Throughout its history, The Ocean Club has been the benchmark for apartment pricing in Panama City, spotlighting the highs and lows of the international market.
For investors, it has been a story about spotting the opportunities in the downturns, which typically have little to do with the fundamentals of the Panama real estate market. At the moment, prices are near historic lows due to the pandemic, the type of opening in the TOC market Panama analysts have seen before.
Even before the building was completed, The Ocean Club–originally the Trump Ocean Club–was a phenomenon. When sales launched in 2006, the prices were double any other new or existing building in Panama, at more than $3,000 per square meter. A 98-square-meter 1 bedroom sold for about $330,000, which was unprecedented for the city.
With two years, things went crazy. Prices continued to rise and by 2009, some apartments had seen their value more than double to more than $6,000 a square meter. By then, a 68-square-meter bayloft studios, one of the smallest units in the tower, were selling for $415,000.
When the global market collapsed in 2010, The Trump Ocean Club was entering its critical phase. Prices fell to $4,000 per square meter as the developer offered deals to close out sales. During this period, 153-square-meter two-bedroom apartments that sold for $700,000 at the peak were selling for closer to $600,000.
But a terrible cycle had started, fueled by the collapse of markets around the country. Sales ground to a halt just as the closing process was moving into the final stages in 2011 and 2012. With prices bottoming out, close to 50 percent of the buyers walked away from their pre-construction purchases and sacrificed their deposits rather than close their deals on apartments valued at less than what they would owe. For example, on a 1-bedroom purchased in 2009 for $520,000, the buyer would have an outstanding balance of about $364,000 on a unit that was valued at closer to $345,000 in 2012.
After 2012, there was a large supply of units for sale, while the developer continued to lower prices to try to sell the inventory. For investors looking for bargains, it was the time to move, as prices continued to be depressed until 2017 when the developer sold out the remaining units.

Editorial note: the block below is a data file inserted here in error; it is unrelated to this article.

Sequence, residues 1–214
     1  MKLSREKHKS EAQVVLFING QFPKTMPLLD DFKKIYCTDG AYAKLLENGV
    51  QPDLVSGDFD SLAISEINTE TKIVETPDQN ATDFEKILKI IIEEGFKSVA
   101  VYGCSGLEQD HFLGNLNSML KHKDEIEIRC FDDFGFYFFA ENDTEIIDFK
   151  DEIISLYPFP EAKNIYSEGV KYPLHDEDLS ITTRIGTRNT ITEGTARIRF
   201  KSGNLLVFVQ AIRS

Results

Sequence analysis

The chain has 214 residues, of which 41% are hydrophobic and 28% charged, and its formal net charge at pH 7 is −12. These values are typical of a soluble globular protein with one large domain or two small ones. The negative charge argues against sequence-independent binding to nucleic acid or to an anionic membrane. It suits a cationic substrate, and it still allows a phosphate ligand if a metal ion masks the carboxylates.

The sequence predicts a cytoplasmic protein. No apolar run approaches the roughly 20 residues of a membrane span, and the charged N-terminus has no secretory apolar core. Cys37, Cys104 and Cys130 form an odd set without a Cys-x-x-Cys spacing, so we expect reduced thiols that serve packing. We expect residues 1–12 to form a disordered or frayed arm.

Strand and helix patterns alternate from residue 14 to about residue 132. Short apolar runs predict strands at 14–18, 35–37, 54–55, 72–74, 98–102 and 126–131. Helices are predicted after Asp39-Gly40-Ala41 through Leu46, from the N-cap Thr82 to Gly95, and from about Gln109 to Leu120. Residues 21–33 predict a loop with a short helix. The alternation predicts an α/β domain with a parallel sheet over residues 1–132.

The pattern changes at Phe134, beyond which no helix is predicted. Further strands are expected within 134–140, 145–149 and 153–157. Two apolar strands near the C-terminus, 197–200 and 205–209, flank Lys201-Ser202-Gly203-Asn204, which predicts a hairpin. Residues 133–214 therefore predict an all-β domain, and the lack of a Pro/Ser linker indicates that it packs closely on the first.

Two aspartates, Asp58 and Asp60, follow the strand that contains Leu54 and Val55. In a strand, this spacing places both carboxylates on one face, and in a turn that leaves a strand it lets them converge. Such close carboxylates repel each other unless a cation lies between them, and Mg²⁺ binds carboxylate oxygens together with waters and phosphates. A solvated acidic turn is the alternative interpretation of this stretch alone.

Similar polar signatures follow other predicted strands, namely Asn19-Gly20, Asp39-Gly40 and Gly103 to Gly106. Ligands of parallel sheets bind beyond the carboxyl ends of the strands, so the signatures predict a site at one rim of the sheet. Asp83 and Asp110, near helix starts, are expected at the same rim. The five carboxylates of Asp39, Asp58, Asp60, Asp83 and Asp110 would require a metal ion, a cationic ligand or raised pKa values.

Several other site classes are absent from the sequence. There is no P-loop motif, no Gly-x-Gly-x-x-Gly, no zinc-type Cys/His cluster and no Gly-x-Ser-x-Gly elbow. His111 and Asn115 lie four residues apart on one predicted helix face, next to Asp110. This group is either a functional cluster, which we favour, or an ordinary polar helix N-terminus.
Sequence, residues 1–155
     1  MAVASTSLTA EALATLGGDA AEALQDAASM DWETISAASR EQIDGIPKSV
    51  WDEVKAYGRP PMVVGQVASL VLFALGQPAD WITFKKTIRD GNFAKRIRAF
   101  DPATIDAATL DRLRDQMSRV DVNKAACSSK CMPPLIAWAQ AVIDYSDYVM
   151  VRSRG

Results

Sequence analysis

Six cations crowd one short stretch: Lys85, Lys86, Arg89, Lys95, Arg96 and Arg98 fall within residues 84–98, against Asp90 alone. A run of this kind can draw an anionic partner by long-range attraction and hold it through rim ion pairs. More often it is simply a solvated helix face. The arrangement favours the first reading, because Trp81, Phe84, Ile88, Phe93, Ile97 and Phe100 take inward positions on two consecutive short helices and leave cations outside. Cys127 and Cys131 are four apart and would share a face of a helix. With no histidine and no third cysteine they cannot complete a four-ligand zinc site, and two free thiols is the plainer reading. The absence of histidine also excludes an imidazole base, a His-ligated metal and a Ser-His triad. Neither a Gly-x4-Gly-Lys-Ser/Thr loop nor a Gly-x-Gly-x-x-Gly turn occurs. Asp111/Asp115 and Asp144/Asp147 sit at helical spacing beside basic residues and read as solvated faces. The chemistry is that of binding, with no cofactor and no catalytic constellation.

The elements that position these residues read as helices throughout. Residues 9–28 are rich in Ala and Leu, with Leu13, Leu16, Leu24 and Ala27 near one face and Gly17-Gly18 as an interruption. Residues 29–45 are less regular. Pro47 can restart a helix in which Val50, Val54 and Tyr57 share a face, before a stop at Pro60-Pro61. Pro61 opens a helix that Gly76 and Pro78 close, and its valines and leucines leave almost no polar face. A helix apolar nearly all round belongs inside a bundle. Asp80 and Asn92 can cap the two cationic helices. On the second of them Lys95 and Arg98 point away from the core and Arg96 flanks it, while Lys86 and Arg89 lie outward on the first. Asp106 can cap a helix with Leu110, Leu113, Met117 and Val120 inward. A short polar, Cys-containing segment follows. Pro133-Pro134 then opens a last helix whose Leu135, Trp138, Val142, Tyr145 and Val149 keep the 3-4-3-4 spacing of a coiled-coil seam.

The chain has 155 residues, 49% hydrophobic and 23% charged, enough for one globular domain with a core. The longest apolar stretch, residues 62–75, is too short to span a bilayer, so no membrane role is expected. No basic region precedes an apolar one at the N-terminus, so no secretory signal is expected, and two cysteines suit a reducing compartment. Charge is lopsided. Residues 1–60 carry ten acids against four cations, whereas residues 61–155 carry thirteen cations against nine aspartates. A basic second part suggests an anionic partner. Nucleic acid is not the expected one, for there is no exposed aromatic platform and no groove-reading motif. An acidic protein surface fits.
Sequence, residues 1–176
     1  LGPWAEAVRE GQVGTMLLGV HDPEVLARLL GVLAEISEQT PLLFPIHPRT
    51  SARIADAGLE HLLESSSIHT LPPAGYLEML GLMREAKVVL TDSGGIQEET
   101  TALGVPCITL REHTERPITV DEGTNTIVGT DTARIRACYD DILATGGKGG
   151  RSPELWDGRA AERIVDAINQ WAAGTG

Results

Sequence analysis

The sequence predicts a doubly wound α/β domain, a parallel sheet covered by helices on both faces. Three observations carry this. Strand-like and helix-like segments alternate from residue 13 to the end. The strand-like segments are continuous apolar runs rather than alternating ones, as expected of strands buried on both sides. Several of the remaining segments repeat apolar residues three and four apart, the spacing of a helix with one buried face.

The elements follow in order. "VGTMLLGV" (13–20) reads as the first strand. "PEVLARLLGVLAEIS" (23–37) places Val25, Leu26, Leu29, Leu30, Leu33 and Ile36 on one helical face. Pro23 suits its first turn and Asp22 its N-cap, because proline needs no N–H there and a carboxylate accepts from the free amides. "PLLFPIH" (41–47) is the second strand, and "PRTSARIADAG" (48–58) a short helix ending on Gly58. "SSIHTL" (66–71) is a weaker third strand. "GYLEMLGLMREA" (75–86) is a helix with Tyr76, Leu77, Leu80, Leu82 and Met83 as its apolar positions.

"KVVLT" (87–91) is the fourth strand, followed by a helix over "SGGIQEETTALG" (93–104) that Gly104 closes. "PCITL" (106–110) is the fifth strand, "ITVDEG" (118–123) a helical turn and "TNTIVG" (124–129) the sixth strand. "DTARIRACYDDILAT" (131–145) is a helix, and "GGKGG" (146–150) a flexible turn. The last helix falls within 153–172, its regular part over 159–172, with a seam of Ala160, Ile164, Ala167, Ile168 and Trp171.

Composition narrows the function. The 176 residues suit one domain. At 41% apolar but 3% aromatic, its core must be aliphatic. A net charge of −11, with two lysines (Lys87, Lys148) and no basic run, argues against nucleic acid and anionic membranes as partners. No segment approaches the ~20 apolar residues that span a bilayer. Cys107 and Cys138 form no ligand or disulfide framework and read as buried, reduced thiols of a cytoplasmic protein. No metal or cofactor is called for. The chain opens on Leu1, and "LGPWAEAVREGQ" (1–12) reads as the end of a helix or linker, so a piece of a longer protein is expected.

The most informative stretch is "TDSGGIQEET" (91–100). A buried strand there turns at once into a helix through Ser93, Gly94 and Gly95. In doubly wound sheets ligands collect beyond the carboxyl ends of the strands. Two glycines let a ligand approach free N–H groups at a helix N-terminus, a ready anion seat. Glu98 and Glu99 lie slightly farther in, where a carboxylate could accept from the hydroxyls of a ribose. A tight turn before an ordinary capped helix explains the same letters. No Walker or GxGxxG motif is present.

After the sell out, The Ocean Club became one of Panama City’s most stable markets. The market has ebbed and flowed, but prices have remained relatively steady, as the building–and Panama City–developed into a more mature market, governed by fundamentals and supply and demand. Better units attracted better prices, which typically range from about $3,100 per square meters for typical apartments to $5,000 per square meter for customized penthouses.
By the beginning of 2020, we were seeing a strong surge in activity in the TOC, as Panama’s economy continued to grow. January and February were two of Punta Pacifica Realty’s biggest months for sales, as well as rentals. And then the pandemic hit and everything shut down.
Most investors were hesitant to make moves. But we were still able to complete transactions, using virtual tours and digital contract technology, with some buyers sensing “blood in the water,” looking for desperate sellers. But there weren’t that many sellers—The Ocean Club is a different market than the early days. Owners don’t need to sell; many have steady renters in place.
By August, we saw buyers that were sitting on the fence were ready to pull the trigger, recognizing there were only a few real steals and they were likely to disappear soon. We saw a flurry of activity, including a few at amazingly low prices even below $2,900 per m2 which had previously been unheard of in the tower.
In September, we saw another distinct shift in the market, as a handful of TOC owners with financial hardship or personal situations decided to put their units on the market. This is another one of those moments in the history of The Ocean Club when rare opportunities emerge. We now have access to a few deals far below construction replacement costs and, in some cases, lower than the original preconstruction launch prices from 2006.
Several owners, faced with a sense of urgency, have come to terms with the reality of the current pricing and after more than 10 years are willing to sell at more than $100,000 less than their original purchase prices. It’s a moment in history solely due to the pandemic. Historically low prices can be found, such as a 1-bedroom in the high $200,000s and 2-bedrooms in the low $400,000s.
There are only a handful of deals like this available and we don’t expect them to last. It’s simply another blip in The Ocean Club’s history. We already have a long list of investors finally arriving now that the Tocumen International Airport has opened again. Many are looking to move money out of the U.S. and the stock market, another phenomenon we’ve seen with the TOC.
We expect a quick rebound as foreign investors resume travel to Panama in the coming weeks. And we are already seeing much of that attention turn to the TOC, which is still the city’s benchmark. The Ocean Club remains the only large scale, hotel-serviced residences in Panama. It is in a class to itself. Price increases are expected to follow as soon as the few low-hanging-fruit units get gobbled up by savvy investors.
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Jeff Barton is Managing Director of Punta Pacifica Realty, the largest sales, rental, and property management firm in Panama City.